On this day in history in 1870, Joseph Hayne Rainey became the first African-American sworn into the U.S. House of Representatives. Yes, I know, commenter Lucy B. yesterday raised the case of the nation’s first African-American governor, P.B.S Pinchback (bio here, context here). And maybe that would have been the time for this post. But it’s my (partly) blog, so please get off my back.

Rainey’s biography is interesting: born into slavery in 1832; his father, a barber, bought his family’s freedom while Rainey was a child; after being forced by the Confederate government to improve fortifications in Charleston at the start of the Civil War, Rainey escaped to Bermuda, where he waited out the conflict with his wife; he got involved in politics after the South finally admitted defeat.

Equally intriguing, I think, is Rainey’s term of service in congress: from December 12, 1870 to May 22, 1879. Again, 1879. Which means that he won reelection as the so-called Redeemers, the de facto military wing of Dixie’s Democratic Party, overran South Carolina, perpetrating horrors like the Hamburg Massacre.

Nicholas Lemann, in his most recent book (brilliantly reviewed here), argues that the Redeemers effectively won “the last battle of the Civil War,” rolling back Reconstruction and returning Southern society, at least when it came to civil rights, to the antebellum era. It’s not an original thesis; Eric Foner, the unchallenged giant in the field, made the same case almost twenty years ago. But Lemann’s book is short and quite a good read. It pivots on a Reconstruction romance, a move which, though a risky literary conceit, keeps the story clipping along. And the basic argument, again, drawing heavily on Foner, is right.

But there’s no mention of Rainey in Lemann — if I’m not mistaken. And there’s not much to be found about the man in Foner either.

So I’m left with two questions. First, how did someone like Rainey get reelected in a political context dominated by the Redeemers, long after the Republican Party had demonstrated that it wouldn’t fight to protect the rights of African Americans? Rainey’s victory suggests that either he appealed to white voters or that freed people risked life and limb to keep him in the House. Either is interesting. The latter is more likely. And second, where is the Amity Shlaes of Reconstruction studies? Shlaes is the writer whose revisionist history of the New Deal Eric trashed. It’s not that I want more bad books so Eric can write more scathing reviews; it’s that I want more smart people challenging scholarly consensus.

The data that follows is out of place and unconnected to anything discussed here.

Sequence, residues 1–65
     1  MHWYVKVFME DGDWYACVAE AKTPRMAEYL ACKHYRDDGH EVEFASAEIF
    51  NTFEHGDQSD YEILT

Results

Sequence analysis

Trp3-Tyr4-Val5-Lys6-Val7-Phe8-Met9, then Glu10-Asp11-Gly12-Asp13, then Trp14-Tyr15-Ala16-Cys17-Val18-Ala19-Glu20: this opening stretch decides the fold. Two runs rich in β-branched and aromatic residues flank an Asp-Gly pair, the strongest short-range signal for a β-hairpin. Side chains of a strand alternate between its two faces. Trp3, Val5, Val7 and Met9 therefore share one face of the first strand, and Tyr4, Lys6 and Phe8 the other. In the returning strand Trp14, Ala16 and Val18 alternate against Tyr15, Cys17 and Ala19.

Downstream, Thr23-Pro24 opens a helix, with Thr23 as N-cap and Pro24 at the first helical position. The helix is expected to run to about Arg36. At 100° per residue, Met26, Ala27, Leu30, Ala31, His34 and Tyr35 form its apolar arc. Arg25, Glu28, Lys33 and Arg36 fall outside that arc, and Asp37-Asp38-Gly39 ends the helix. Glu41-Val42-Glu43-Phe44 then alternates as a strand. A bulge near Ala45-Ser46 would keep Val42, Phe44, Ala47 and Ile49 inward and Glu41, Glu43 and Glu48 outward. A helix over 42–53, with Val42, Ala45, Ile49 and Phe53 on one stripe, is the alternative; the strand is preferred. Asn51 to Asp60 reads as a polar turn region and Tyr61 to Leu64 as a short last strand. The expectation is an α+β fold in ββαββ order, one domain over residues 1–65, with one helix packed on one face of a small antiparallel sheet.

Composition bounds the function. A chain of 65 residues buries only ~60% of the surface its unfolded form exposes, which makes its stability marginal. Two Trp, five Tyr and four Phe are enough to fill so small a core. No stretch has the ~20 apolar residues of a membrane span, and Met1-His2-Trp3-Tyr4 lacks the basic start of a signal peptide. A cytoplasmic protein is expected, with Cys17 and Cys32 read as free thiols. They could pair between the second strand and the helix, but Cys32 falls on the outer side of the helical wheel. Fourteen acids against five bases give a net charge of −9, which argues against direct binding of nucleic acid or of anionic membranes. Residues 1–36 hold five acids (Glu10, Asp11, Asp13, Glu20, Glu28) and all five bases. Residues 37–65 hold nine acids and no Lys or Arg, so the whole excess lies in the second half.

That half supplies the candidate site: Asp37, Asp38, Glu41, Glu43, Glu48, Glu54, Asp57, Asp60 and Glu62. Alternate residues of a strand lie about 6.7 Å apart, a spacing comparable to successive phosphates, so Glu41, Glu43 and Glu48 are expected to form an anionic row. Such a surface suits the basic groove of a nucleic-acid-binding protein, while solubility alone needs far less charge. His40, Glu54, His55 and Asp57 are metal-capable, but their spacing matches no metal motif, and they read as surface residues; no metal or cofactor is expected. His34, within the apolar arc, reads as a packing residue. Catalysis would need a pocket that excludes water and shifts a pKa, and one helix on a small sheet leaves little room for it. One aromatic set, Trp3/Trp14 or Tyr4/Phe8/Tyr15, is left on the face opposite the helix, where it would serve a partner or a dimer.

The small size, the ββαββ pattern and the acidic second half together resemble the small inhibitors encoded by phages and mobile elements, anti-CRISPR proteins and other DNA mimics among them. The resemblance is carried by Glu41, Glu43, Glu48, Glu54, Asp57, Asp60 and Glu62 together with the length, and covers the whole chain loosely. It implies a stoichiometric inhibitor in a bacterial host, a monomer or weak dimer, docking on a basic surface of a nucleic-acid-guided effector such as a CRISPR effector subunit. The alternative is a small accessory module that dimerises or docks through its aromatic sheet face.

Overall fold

For decades, adherents to the Dunning school dominated Reconstruction discussions. They argued, in essence, that Reconstruction failed because the federal government botched the job. But now Foner, who found that white supremacists, not federal incompetence, scuttled Reconstruction, is virtually unchallenged. Which is a shame. Don’t get me wrong. I agree with Foner. And with Lemann. But while comity is comfortable, creative tension is how we learn new things. Among those things might be how Joseph Rainey managed to keep his seat while other African Americans in South Carolina were losing their lives.